Thanks to that savings and additional cost cutting, the zoo managed to eke out a small surplus in 2010 despite a difficult economy and bad weather that led to a lower than normal attendance with 675,000 visitors. (Attendance is up 30 percent so far this year.)

When King and his board realized that Zoo Atlanta could break even despite depressed attendance, they decided it was the right time for a fundraising campaign and increasing the zoo’s visibility in Atlanta’s philanthropic sector. The zoo receives no annual operating support from the city.

King said the goal is to finish raising the $25.7 million by early 2012. It will take 18 months to build the new amphibian and reptile complex, which will open in either the spring of 2013 or 2014.

As soon as that money is raised, King said the zoo immediately will try to raise another $10 million for a new veterinary facility. The current vet clinic is in the zoo’s former lawn-mower maintenance facility.

The zoo is Atlanta’s oldest cultural institution. In the early 1980s, Parade Magazine declared the zoo, then operated by the city, the worst in the country.
That led to a civic initiative to transform the zoo and create a privately run nonprofit — Zoo Atlanta.

“Today, we are one of the best small urban zoos in the country,” said King. It is one of only four U.S. zoos to have pandas.

The zoo is located in Grant Park on 35 acres, a relatively small footprint. As currently configured, it has a maximum capacity of about 900,000 annual visitors, and it usually attracts about 700,000.

Once the new master plan is fully implemented in multiple phases, King said the zoo’s capacity should double to 1.8 million annual visitors. “I personally think we have sufficient land,” he said.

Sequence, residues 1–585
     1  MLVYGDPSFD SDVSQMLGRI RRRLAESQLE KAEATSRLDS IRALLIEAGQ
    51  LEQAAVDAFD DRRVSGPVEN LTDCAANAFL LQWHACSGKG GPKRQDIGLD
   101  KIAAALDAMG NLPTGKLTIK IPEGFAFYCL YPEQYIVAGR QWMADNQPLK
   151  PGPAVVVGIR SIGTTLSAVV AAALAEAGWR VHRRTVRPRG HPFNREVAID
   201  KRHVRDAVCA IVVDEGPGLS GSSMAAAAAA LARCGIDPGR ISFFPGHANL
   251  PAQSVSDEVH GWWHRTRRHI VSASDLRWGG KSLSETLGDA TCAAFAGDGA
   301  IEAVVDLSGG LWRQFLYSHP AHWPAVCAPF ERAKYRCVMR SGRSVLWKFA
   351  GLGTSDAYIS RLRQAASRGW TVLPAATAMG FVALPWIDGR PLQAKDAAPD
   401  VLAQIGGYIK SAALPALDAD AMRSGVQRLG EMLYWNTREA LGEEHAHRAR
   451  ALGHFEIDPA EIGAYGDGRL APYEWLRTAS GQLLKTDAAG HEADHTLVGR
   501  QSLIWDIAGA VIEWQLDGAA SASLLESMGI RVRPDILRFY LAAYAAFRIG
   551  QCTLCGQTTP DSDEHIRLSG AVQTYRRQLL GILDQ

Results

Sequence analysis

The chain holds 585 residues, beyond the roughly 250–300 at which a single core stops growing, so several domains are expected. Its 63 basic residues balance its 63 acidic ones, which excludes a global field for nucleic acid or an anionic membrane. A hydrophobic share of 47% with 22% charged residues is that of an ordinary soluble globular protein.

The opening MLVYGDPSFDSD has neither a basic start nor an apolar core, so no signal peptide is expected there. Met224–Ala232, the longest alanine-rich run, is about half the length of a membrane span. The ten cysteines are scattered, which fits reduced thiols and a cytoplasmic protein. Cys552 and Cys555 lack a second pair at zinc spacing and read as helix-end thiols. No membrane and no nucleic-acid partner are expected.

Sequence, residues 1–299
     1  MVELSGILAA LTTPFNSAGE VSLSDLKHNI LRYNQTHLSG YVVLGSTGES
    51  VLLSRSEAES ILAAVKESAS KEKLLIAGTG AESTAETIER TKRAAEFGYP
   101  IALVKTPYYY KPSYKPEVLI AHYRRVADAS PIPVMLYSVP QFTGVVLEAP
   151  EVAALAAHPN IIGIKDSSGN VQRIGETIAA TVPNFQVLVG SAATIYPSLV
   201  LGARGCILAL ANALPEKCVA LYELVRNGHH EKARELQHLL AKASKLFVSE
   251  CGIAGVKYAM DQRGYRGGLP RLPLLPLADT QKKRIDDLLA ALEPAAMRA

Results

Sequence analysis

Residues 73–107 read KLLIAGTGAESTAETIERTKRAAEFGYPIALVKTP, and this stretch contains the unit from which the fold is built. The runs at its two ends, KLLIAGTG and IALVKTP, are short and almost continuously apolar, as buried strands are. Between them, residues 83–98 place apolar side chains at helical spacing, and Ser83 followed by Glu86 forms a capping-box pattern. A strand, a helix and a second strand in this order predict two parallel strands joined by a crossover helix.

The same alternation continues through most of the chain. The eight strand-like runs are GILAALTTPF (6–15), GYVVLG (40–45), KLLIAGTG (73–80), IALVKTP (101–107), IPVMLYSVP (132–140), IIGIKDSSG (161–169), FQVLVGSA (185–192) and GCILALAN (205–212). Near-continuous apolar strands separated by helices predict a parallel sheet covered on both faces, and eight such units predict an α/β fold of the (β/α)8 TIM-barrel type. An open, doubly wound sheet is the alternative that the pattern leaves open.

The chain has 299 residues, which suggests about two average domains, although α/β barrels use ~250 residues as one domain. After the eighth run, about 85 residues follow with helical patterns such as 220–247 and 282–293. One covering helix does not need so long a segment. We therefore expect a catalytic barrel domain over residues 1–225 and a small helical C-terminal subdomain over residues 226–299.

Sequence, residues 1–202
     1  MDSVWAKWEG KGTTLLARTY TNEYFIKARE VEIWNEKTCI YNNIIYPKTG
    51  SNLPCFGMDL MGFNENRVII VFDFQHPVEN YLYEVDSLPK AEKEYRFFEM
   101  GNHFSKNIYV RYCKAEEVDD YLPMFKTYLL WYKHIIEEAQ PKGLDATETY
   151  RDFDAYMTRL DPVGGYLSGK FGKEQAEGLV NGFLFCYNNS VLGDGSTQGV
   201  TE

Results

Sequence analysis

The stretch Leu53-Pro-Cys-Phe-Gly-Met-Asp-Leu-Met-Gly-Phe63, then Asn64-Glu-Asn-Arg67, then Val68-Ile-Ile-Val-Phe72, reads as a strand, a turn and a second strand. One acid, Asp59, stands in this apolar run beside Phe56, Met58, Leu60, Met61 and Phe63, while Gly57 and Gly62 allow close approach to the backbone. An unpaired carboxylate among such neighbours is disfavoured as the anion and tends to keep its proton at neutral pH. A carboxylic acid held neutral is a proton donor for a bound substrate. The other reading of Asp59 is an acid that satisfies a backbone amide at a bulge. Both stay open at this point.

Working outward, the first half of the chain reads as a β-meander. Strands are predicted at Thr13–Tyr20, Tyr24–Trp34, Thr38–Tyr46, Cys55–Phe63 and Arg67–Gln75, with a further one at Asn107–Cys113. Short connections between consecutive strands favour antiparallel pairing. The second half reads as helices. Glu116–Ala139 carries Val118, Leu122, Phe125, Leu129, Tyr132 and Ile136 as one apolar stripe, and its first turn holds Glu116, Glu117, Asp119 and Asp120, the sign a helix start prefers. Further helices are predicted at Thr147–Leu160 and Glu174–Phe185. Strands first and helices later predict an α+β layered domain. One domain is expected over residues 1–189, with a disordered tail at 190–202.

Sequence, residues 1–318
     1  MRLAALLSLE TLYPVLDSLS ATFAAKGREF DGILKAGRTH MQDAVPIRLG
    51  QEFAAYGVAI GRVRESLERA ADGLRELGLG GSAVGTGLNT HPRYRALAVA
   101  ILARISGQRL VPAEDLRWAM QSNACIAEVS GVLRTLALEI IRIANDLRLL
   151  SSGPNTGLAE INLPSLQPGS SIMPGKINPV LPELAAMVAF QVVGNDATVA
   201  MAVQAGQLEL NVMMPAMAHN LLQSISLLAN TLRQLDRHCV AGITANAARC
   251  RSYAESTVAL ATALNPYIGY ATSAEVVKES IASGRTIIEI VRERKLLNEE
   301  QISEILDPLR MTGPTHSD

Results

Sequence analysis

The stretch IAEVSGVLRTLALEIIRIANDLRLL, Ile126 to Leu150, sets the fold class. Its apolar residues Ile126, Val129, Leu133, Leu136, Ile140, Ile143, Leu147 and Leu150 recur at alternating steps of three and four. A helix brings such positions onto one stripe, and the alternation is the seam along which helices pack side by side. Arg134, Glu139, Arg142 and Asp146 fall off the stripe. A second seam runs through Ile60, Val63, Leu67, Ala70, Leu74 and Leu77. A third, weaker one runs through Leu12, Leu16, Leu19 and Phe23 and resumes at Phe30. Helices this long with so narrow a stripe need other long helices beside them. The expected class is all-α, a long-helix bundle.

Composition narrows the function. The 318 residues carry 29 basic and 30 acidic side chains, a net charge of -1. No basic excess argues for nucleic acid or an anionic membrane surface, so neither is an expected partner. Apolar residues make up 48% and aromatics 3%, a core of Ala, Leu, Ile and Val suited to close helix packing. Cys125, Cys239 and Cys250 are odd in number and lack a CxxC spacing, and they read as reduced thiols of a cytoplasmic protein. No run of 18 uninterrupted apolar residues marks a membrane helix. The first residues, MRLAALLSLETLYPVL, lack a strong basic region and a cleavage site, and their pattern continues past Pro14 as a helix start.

King said the zoo will be able to generate enough cash flow for its $15 million annual operations budget when it is able to attract about 1 million visitors a year.

The new reptile complex will be on the northeast corner of the zoo’s property adjacent to the zoo’s new front door off Boulevard. It will cover about 1.5 acres and include boardwalks, animal habitats and visitor viewing areas along with 18,000 square feet of air-conditioned interior habitat exhibits, viewing areas, a theater and visitor comfort facilities. The interior space will double the size of the existing 9,000-square-foot reptile house.

It is a bit ironic that the first major project under King’s watch is the new reptile complex. “When I came, I had a major phobia of snakes,” he said. “I have come to appreciate the beauty of snakes.”

— Staff writer Lisa R. Schoolcraft contributed to this story.

Maria Saporta

Maria Saporta, Editor, is a longtime Atlanta business, civic and urban affairs journalist with a deep knowledge of our city, our region and state.  Since 2008, she has written a weekly column and news stories for the Atlanta Business Chronicle. Prior to that, she spent 27 years with The Atlanta Journal-Constitution, becoming its business columnist in 1991. Maria received her Master’s degree in urban studies from Georgia State and her Bachelor’s degree in journalism from Boston University. Maria was born in Atlanta to European parents and has two young adult children.